symptoms whatsoever. And G-mom hit her kid, and Mama hit our client,
      and she answers situations by hitting first and often. A nice thing I
      do see is that sometimes the arrangement of flowers can be changed and
      the innate beauty can appear. But we have a society that insists all
      too often that after the flowers have begun to thrive, on returning
      the children to the same family and conditions that emphasized the
      thorns on the stems and not the wonderful aromas and beauty that have
      been achieved. And yes, "it is attachment to 'cause', the fastening of
      blame, the creation of self-as-victim as 'cause', ... (that) has been
      the root of suffering". And in the majority of cases, soon after
      returning to the original biological and environmental influences, the
      flowers wither and rot. And for our girls, too often, a life of shame,
      degradation and abuse continues.
      Peace and blessings,
      Bob
    • Nina
      ... The mind boggles at the conversations to be had, in which one repeatedly replaces My Family Way for I . How could one possibly remain attached to one s
      Message 2 of 15 , Jun 27, 2004
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        --- In meditationsocietyofamerica@yahoogroups.com,
        "Gene Poole" <gene_poole@q...> wrote:

        > Do you have any choice, but to react
        > to your feelings, in the way that you
        > were exampled?
        >
        > And more deeply... do you have any
        > choice, but to have those feelings,
        > based as they are, on the very values
        > which formed the core of the parental
        > personality?
        >
        > And did your parents have any choice,
        > about how they would feel, when... and
        > how they would compensate for those
        > feelings?
        >
        > Just whose (ancient) program is running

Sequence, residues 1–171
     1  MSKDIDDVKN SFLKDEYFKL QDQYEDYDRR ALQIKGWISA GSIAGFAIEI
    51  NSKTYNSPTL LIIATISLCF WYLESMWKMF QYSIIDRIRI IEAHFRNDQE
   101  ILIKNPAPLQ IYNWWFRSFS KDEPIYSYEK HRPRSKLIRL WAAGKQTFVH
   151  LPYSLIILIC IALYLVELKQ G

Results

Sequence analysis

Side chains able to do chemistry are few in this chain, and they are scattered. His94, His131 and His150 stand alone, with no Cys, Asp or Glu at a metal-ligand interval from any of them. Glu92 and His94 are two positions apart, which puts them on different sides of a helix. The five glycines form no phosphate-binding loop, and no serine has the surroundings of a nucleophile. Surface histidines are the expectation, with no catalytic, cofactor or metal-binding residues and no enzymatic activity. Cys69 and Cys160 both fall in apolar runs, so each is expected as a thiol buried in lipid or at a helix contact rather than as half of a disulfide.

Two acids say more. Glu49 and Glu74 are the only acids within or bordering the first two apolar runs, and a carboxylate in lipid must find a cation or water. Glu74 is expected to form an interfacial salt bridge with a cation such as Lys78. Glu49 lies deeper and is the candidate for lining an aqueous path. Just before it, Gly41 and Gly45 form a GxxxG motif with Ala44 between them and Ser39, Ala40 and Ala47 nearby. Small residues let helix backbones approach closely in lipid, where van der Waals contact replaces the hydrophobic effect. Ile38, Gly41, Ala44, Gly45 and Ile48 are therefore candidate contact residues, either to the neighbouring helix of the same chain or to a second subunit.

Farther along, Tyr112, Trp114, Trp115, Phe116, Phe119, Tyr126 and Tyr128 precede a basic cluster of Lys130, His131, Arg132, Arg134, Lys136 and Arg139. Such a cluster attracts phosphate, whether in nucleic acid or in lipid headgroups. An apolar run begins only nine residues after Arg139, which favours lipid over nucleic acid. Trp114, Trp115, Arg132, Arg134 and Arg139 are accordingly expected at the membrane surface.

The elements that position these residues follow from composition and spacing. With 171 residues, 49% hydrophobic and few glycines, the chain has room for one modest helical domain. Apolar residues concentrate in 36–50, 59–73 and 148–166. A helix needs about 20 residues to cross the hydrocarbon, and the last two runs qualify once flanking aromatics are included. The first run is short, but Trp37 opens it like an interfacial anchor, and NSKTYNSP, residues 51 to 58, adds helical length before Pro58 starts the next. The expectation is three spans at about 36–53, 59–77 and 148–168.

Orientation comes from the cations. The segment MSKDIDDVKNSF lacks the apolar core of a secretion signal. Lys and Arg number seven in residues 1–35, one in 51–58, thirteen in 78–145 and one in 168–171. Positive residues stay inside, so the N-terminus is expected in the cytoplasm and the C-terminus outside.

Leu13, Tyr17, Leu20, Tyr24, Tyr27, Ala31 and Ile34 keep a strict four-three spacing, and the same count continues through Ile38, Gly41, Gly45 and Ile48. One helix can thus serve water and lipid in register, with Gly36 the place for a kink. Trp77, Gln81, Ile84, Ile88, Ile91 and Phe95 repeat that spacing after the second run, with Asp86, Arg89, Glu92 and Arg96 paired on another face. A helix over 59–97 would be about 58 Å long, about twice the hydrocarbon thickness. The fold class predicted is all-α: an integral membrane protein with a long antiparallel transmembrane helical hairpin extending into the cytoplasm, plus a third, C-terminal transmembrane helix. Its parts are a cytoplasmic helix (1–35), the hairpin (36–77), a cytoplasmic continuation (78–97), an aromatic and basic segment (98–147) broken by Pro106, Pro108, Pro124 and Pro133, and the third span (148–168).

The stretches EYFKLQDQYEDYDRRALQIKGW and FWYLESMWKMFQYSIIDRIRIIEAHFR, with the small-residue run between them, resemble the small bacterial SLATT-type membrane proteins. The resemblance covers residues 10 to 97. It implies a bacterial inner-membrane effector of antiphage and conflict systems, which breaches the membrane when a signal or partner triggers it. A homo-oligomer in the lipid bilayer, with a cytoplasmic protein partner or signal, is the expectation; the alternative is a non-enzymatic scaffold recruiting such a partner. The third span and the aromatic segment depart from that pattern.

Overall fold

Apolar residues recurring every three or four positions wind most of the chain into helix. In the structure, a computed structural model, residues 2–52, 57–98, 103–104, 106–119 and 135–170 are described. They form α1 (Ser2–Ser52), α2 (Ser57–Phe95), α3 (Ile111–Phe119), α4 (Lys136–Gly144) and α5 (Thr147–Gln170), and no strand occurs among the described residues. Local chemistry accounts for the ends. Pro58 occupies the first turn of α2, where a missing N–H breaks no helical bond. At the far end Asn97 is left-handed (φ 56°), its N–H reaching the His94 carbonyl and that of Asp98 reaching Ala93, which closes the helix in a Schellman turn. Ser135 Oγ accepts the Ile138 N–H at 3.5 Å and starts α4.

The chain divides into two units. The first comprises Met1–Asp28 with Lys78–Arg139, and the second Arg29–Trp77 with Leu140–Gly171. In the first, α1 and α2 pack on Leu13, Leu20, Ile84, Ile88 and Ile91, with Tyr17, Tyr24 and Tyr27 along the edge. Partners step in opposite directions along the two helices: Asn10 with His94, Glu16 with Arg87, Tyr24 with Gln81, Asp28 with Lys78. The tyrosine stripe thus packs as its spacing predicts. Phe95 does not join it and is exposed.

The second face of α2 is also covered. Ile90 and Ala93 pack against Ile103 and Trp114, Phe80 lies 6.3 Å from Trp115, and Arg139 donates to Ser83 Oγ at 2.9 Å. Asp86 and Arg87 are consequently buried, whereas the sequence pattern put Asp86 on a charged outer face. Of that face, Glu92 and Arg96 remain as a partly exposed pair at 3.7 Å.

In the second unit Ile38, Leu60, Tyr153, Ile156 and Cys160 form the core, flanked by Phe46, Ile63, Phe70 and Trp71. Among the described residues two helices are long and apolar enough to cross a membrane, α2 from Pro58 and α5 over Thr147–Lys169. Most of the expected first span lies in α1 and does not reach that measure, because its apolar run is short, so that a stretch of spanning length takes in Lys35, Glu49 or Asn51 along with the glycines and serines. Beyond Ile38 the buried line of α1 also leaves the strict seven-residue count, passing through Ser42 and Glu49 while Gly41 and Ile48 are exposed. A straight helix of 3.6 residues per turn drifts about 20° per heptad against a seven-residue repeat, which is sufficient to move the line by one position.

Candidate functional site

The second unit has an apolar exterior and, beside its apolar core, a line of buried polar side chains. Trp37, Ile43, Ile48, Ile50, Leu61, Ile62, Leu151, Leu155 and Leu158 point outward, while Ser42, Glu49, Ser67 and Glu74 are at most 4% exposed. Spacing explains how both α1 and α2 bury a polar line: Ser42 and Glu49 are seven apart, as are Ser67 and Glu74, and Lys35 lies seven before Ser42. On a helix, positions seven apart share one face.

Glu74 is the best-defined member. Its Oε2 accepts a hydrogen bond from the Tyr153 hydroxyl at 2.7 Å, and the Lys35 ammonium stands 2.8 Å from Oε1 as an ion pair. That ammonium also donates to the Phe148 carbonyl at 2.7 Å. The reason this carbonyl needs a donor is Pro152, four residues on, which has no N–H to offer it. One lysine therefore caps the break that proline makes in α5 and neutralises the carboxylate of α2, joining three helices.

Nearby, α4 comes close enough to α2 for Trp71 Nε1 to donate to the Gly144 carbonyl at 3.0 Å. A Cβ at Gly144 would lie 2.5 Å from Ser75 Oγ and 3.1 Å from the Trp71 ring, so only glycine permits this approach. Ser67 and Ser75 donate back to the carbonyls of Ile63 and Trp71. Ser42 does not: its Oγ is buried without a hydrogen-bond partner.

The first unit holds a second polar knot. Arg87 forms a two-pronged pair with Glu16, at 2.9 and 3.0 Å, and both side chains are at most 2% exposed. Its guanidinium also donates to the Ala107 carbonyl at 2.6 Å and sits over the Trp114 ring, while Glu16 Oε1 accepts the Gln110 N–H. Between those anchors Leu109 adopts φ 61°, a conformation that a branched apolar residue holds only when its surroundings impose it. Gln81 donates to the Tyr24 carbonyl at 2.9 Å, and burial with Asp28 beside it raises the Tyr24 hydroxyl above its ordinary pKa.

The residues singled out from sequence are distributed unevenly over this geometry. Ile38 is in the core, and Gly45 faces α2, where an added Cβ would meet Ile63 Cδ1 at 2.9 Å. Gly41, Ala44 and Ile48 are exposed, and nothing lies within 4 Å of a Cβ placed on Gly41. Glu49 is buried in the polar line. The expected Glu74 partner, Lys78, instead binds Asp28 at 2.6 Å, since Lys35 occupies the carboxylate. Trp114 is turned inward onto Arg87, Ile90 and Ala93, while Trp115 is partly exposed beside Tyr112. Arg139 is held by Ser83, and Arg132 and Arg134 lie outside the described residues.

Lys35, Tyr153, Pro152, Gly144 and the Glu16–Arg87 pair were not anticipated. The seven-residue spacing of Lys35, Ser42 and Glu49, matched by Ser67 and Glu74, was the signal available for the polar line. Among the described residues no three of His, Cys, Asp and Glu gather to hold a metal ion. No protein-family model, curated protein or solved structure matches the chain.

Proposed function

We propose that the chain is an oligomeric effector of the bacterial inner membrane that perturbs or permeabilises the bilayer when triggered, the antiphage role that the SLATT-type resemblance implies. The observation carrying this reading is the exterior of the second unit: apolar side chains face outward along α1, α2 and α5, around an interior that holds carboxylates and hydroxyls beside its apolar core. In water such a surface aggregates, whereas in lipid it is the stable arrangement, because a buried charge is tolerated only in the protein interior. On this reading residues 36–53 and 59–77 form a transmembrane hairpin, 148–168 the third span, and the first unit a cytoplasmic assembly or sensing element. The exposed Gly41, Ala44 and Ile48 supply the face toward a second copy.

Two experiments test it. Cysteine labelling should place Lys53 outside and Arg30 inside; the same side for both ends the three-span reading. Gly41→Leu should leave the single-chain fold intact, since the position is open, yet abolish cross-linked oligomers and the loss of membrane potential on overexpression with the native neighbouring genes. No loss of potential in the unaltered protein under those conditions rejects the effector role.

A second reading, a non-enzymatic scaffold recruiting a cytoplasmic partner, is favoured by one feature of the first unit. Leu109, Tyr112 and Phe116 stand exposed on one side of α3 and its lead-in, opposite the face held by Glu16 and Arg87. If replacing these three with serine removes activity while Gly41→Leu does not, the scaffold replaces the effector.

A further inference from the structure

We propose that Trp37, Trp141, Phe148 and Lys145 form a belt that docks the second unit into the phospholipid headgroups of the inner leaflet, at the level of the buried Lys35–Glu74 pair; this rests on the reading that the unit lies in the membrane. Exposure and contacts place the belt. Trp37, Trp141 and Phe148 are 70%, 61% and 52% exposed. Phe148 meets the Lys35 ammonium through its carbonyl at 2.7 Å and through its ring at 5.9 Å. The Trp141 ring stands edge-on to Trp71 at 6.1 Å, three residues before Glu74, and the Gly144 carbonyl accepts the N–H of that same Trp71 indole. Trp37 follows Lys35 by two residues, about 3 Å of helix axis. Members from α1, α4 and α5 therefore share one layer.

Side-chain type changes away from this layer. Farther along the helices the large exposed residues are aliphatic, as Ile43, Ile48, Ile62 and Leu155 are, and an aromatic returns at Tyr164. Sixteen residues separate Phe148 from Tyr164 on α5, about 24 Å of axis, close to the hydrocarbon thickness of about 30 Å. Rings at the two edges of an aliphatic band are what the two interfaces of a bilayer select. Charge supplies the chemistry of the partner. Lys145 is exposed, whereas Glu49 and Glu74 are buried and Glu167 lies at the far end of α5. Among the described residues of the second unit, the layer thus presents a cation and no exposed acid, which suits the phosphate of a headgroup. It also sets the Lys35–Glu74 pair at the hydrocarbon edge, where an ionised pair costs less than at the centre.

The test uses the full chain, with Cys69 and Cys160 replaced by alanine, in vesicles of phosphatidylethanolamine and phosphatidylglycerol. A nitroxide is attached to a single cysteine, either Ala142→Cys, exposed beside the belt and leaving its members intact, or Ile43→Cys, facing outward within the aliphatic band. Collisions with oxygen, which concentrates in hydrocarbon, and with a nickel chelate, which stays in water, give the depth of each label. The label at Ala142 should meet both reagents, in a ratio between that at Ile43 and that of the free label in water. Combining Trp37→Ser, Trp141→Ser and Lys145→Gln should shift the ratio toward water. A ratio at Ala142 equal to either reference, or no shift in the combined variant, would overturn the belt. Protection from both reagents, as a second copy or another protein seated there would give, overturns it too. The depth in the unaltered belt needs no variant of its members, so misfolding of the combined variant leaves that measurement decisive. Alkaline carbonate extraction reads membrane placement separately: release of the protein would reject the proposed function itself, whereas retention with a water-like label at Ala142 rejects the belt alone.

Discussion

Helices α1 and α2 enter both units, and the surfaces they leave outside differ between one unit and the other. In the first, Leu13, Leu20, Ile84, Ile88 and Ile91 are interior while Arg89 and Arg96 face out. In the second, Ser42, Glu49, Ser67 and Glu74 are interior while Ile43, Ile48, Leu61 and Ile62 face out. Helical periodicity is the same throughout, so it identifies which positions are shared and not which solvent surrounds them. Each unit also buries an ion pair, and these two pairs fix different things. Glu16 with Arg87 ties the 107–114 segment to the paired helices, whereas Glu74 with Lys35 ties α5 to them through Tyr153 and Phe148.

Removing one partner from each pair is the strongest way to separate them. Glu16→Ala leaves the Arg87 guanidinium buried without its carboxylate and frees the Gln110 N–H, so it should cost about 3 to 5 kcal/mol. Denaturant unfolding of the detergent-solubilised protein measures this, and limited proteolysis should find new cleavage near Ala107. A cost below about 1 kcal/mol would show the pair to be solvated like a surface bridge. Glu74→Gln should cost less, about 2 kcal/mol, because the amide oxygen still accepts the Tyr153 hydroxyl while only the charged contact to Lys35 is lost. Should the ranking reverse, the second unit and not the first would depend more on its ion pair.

> this show, anyhow? Is the family way,
        > all the way back?

        The mind boggles at the conversations to be had,
        in which one repeatedly replaces "My Family Way"
        for "I". How could one possibly remain attached
        to one's identity when it is referenced in such a way?
        Beyond knowing that it exists and recognizing its
        operation, is there any hope of moving beyond
        "My Family Way"? It is doubtful, in the way that
        it is 'impossible' to move beyond the ever fragmenting
        bounds of a fractal. Who is to say that moving
        beyond "My Family Way" is not simply... part of
        "My Family Way"?

        Nina
      • tom_flou
        Hi here is a physoilogical view. If Pranayam is practiced as paying attention to the breathing without changing its natural rhythm in any way, this part can
        Message 3 of 15 , Jun 27, 2004
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          Hi here is a physoilogical view.

          If Pranayam is practiced as paying attention to the breathing
          without changing its natural rhythm in any way, this part can hardly
          have any adverse physiological effects.
          But if the breathing is forced or reduced and so the natural self-
          regulation of this very complicated and delicate process is
          tampered with, the consequences can be rather knowledgeable.
          The resting breath rate is about 15/min. securing a oxygen density
          in the tissues at close to 100%
          If breath rate is increased (Hyperventilation) it does not affect
          the oxygen tension much, but it does markedly decrease the CO2
          tension.
          This causes an increase in free hydrogen ions and thus a lowering of
          the pH of the blood and subsequently the body fluids. (Respiratory
          acidosis) This has rather immediate and noticeable effects on the
          body involved. Some symptoms are dizziness, confusion. (Even out of
          body experiences and hallucinations)
          As a result of the lowering pH of the blood, even a lowering of
          calcium occurs, resulting in numbness and tingling in hands, arms
          and in the face, spasms or cramps of hands and feet.
          It has bees suggested here to breathe deeply at a rate of 60/min.
          This will in a short time result in such a respiratory acidosis of
          the body. Possibly with any number of the above mentioned symptoms
          emerging. It is not a serious medical condition, as the person
          affected if he does not stop, will finally pass out, thereby
          automatically returning his breathing to normal and correcting the
          offset blood chemistry.
          Hyperventilation is an integral part of most panic disorders,
          all of these symptoms giving the sufferer "proof" that something is
          seriously wrong in the body.
          The condition is treated with reassurance and if needed, placing a
          plastic bag over the mouth and nose so the CO2 can reenter the body.

          Magnesium deficiency is of rare clinical relevance.

          Dietary or external applications has at best a very limited effect.

          Cheers

          Tom